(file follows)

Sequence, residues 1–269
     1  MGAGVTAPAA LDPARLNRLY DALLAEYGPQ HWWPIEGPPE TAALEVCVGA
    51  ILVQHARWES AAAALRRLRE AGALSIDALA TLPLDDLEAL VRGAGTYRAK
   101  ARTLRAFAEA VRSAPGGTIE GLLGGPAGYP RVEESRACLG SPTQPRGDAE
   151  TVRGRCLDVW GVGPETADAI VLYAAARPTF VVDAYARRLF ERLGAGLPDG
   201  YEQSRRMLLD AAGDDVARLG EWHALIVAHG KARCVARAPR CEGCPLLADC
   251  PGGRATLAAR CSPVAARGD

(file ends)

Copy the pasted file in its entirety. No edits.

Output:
Sequence, residues 1–269
     1  MGAGVTAPAA LDPARLNRLY DALLAEYGPQ HWWPIEGPPE TAALEVCVGA
    51  ILVQHARWES AAAALRRLRE AGALSIDALA TLPLDDLEAL VRGAGTYRAK
   101  ARTLRAFAEA VRSAPGGTIE GLLGGPAGYP RVEESRACLG SPTQPRGDAE
   151  TVRGRCLDVW GVGPETADAI VLYAAARPTF VVDAYARRLF ERLGAGLPDG
   201  YEQSRRMLLD AAGDDVARLG EWHALIVAHG KARCVARAPR CEGCPLLADC
   251  PGGRATLAAR CSPVAARGD